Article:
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Specifically, the film appears to kill off one of the Ra'zac, the Nazgul/dementor-type horrors whose pursuit remains a theme into the third book.
I also thought some of the more theatrical scenes in the book had been undone unnecessarily - a classic example is the scene where Eragon is grievously wonded by the Shade (a wound that is a key element of the second book's plot) but is able to kill him when Arya and Saphira break the dwarves' treasured stone, distracting him. In the movie, no wound, no stone, no Arya, just Eragon defeating Durza in an aerial battle. Ajihad also suffers - Djimon Honsou plays him as a proud tribesman rather than the savvy politician he is.
Anyway, I could go on, but the basic point is that the film stripped away the epic sweep that allows us to see how Eragon becomes not only a warrior but also a leader, one who learns to understand the vast consequences of each of his acts and decisions. All that is left is the knockoffs.
« Close It
POLITICS: The Wedge Worked!
As I have noted before, Democrats are very proud of themselves for using the destruction of embryonic stem cells for medical research as a wedge issue, one that seems to have been a crucial factor in some of this year's Senate races, notably Missouri. Conservative concerns about the horrifying incentives created by turning the tissue of unborn humans into an input in scientific research were brushed off as hysteria.
No longer; the inevitable is now with us:
Healthy new-born babies may have been killed in Ukraine to feed a flourishing international trade in stem cells, evidence obtained by the BBC suggests.
Read the whole thing, in all its horrifying detail. Only those unfamiliar with human nature could have failed to predict this.
Those Democratic campaign consultants must be so proud. But then, they won the election, didn't they?
December 14, 2006
POLITICS/WAR: Connecting the Dots
BLOG: Quick Links 12/14/06
*One of the more doleful implications of a very narrowly divided polity is the places it leads partisans to go in search of that one last vote that turns an election, a court, a majority, a presidency. So it is difficult for Republicans to resist the temptation to hope for a change in the Senate upon the news that South Dakota Democrat Tim Johnson is in critical condition after what may or may not have been a stroke. The right thing to do, of course, is to wish Senator Johnson and his family well (this is especially so because Tim Johnson, whatever his ideology, is not a loathesome human being like Ted Kennedy). Thinking otherwise may be only human, but it's a reflex to resist.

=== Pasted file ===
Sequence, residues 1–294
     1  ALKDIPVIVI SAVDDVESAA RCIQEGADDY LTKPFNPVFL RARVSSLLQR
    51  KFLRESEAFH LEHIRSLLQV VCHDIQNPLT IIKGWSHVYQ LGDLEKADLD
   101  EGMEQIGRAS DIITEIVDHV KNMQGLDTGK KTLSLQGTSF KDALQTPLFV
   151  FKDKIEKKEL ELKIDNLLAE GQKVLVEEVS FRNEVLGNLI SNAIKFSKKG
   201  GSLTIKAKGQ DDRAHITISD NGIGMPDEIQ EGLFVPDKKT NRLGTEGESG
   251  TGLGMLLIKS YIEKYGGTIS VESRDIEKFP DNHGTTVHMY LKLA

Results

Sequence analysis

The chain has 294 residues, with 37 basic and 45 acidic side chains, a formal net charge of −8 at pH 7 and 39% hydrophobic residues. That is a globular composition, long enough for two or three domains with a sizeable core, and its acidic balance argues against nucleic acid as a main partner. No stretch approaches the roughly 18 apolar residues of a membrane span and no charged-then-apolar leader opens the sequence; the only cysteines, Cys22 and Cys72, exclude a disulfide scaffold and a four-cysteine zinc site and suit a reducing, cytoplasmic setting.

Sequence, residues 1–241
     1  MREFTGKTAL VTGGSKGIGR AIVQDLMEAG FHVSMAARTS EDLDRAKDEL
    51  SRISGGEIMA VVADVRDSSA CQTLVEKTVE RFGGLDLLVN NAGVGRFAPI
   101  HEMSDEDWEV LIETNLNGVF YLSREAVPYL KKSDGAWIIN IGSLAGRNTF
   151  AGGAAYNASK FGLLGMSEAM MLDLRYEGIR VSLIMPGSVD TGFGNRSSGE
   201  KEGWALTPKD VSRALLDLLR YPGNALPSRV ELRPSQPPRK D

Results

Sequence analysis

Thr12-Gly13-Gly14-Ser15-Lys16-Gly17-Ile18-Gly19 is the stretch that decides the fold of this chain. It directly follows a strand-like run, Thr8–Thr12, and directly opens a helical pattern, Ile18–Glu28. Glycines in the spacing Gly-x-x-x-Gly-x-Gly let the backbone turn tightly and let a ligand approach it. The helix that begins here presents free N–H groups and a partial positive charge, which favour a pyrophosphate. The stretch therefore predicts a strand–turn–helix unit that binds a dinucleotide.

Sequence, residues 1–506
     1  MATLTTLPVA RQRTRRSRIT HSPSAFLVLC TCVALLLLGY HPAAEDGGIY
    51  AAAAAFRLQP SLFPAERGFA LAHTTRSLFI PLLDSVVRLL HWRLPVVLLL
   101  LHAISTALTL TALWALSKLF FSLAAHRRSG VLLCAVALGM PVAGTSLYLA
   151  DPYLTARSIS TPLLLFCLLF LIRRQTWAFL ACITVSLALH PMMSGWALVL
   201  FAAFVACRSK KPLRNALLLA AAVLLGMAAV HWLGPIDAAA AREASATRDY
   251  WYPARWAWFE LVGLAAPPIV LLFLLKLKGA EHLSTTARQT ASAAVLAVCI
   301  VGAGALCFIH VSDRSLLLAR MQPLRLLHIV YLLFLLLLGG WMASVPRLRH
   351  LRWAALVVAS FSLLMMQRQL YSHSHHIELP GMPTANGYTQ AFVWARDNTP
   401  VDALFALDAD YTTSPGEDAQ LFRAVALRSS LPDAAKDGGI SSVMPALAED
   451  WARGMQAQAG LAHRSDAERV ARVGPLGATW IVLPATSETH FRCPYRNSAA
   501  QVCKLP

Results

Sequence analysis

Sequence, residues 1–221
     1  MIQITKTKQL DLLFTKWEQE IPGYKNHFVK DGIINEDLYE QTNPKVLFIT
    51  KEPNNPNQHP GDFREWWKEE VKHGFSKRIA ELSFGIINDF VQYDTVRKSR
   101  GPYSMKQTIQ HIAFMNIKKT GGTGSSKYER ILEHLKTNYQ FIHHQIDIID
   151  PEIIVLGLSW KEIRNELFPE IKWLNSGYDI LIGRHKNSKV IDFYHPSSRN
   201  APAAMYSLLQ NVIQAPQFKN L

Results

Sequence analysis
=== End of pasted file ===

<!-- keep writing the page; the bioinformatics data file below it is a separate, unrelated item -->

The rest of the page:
All things considered, it probably would be for the better if more states had laws that require the appointment of a replacement Senator of the same party, followed by a special election, if an incumbent dies or needs to be replaced - I believe such a law is in place in Hawaii, which has a GOP Governor and two elderly Democratic Senators, and a similar law (the details of which I forget) was enacted in Massachusetts when John Kerry was running for president. That said, existing practice in the absence of such a statute is to replace the Senator however the governor wants, as happened when the Republicans lost Paul Coverdell's Senate seat in Georgia and John Heinz's seat in Pennsylvania (both of which the GOP recaptured at the next election), or when Jesse Ventura appointed an independent to fill out Paul Wellstone's term.
*Count Rudy Giuliani and John McCain with the skeptics about the Iraq Study Group. As of Sunday, Mitt Romney was ducking the issue and saying he hadn't read the report, although a commenter at RedState has a purported statement from Romney that likewise hits the right notes in rejecting consensus for its own sake and rejecting negotiations with Iran and Syria. Still, there's a worrisome pattern to Romney's delayed reactions. The GOP needs its next candidate to be someone who can roll with the punches and drive the public narrative.